The world of medicine is like a bubble. A lot of people THINK they know what goes on there, but unless you're down in the trenches it's unlikely you do. So here is my semi-anonymous blog, here to tell you what really goes on in the life of a medical resident.

Tuesday, November 15, 2005

1 weekend of call
3 sepsis workups (on the same night)
1 last-minute presentation for resident's rounds
5 12-hour workdays... and 1 30-hour workday
2 patient transfers to the ICU
2 Whipples (DAMN the Whipple!)
1 meeting with the dean
1 program switch
7 first-year med students expecting me to teach them something
1 ACLS Instructor's course (with much prep work needed)
4 unprovoked crying fits (not in public, at least!)
1 night of journal club
1 postcall meltdown
0 personal life

= 1 very, very bad week.

More when I feel better.

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Blogger ICU 101 said...

ah, you've just described the main reason i lost interest in pursuing a medical career...

now, what's this about a program switch???

11:09 PM

Anonymous ron said...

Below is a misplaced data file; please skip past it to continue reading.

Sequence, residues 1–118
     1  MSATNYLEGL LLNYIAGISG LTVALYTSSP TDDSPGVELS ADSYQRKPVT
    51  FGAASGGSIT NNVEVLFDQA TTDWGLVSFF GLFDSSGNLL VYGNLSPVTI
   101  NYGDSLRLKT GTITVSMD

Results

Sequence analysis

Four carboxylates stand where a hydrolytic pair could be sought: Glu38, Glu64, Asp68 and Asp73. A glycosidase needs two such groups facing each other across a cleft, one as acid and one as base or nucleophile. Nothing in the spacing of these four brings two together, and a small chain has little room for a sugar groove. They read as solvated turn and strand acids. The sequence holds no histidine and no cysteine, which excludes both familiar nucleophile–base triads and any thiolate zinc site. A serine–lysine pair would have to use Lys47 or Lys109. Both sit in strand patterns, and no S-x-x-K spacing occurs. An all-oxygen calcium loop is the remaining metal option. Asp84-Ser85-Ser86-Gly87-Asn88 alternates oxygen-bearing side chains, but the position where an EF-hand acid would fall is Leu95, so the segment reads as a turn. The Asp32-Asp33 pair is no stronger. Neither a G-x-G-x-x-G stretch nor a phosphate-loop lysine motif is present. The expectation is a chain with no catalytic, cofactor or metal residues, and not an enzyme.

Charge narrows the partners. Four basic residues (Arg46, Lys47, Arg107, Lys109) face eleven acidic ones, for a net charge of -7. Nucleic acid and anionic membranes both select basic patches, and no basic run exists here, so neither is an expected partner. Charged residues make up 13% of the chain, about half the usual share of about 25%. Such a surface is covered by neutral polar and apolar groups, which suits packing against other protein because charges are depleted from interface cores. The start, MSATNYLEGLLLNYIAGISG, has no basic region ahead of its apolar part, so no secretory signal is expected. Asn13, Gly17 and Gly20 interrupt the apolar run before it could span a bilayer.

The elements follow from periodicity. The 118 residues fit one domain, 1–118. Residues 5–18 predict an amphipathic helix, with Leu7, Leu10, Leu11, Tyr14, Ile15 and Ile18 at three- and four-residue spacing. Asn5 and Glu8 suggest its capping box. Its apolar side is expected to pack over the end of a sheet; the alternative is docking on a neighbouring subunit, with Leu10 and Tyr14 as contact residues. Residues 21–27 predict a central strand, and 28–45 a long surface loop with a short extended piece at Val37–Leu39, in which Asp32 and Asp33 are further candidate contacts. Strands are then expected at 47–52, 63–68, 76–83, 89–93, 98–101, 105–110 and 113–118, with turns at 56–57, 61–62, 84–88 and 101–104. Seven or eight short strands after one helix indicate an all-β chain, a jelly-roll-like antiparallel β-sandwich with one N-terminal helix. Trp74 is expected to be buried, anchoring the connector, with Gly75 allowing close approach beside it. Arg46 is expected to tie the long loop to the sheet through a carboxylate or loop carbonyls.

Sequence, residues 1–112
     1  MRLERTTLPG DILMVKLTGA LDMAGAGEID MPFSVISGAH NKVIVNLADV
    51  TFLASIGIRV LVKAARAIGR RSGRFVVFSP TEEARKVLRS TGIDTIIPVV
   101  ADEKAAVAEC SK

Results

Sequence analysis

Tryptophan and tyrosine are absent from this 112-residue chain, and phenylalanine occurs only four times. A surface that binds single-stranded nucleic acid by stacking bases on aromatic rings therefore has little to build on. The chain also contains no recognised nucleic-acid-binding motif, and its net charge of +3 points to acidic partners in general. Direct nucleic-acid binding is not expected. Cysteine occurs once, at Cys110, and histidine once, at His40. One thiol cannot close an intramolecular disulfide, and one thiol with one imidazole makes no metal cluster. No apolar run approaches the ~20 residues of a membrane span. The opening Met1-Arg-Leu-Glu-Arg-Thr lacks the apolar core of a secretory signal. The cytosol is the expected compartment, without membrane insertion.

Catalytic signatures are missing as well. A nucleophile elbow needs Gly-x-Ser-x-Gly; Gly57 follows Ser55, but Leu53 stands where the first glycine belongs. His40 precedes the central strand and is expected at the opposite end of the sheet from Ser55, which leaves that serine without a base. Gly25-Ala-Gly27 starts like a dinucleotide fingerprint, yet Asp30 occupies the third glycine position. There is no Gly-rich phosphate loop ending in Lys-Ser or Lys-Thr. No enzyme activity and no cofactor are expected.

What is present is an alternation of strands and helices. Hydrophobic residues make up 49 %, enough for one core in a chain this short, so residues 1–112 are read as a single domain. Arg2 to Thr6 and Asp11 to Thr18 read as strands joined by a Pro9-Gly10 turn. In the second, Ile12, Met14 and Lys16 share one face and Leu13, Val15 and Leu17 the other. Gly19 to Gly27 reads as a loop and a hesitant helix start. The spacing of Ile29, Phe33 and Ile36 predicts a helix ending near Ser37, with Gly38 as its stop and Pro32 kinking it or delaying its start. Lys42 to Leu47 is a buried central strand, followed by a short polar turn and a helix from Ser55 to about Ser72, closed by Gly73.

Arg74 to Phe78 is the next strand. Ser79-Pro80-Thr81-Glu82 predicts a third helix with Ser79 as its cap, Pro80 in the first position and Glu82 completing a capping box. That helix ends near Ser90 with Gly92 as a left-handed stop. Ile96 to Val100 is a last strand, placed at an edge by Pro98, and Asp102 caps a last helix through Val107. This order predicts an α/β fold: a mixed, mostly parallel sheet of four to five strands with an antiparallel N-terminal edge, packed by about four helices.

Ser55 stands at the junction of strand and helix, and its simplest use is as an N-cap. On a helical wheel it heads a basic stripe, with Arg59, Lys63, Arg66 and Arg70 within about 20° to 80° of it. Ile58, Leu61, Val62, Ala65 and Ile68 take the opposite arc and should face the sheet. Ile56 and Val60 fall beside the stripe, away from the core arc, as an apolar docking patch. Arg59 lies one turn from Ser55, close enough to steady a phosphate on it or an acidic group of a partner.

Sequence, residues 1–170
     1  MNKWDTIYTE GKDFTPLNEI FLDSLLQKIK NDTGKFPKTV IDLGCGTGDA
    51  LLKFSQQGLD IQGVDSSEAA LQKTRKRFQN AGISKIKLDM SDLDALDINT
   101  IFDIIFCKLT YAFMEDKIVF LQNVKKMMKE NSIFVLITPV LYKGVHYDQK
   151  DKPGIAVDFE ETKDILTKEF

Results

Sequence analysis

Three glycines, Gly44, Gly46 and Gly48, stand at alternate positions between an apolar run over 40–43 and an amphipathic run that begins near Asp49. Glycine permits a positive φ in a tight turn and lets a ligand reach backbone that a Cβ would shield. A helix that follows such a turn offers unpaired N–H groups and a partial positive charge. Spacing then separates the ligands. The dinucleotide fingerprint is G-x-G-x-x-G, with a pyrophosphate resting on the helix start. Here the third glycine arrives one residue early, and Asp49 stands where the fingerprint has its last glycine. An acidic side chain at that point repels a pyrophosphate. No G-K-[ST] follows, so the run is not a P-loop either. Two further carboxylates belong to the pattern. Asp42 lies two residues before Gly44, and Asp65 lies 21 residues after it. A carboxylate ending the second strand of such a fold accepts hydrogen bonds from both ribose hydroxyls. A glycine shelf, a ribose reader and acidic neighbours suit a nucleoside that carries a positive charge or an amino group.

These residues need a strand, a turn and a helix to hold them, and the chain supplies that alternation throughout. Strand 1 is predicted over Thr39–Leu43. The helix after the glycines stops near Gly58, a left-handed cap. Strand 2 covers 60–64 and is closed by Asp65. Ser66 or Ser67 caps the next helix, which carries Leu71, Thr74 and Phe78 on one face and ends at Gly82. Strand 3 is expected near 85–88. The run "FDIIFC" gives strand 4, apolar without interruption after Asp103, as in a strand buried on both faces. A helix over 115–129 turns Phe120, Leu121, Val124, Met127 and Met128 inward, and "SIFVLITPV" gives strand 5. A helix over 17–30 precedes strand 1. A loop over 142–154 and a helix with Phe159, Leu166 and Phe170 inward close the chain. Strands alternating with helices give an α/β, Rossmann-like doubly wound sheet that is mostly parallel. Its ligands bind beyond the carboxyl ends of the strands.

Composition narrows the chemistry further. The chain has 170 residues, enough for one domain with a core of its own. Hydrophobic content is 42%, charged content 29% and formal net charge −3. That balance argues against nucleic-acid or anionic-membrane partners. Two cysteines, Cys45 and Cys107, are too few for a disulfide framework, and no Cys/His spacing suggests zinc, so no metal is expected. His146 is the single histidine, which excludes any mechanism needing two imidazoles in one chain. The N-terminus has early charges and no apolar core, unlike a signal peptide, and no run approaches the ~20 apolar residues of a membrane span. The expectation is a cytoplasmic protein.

us "nonmedical" people really appreciate the dedication of those in the medical field.. thank you for your long hours, hard work and willingness to put others before yourself. you are a special person

11:19 PM

Blogger Carina said...

Wow. That's one really, really bad week. I'm sorry you've been through all of that. :(

I'd take you out to the coffeeshop tonight for the knit-in to help you relax if I could. I know that always helps me when I've had horrible, awful, no good, very bad weeks.

3:57 PM

Anonymous Anonymous said...

and one funny blog !!!!

4:03 PM

Blogger doctor T said...

A program switch??

Hope you feel better soon. Sounds like a shit-ass week.

4:18 PM

Blogger VitaminKMD said...

Dude. I feel your pain. Except I CRIED in public. One small tear of frustration, but still.

I'm sending some lovin'.

12:50 PM

Anonymous Daisie said...

The doctor on Grey's Anatomy last night was EXCITED about a whipple in operating room two. I think you complain too much. ;)

9:43 PM

Anonymous ERRN 780 said...

Being a Nurse for the past 25 years and spending 20 of those years in the E.D I saw very clearly the pain and frustration that you are experiencing in the faces of many a resident. Almost all of them ( > 98 % ) turned out to be excellent physicians as well as excellent people. Hang in there, it gets better.


If anyone has witnessed or taken care of a post-op Whipple pt they would be in total agreement of your apt description of it !

9:31 PM


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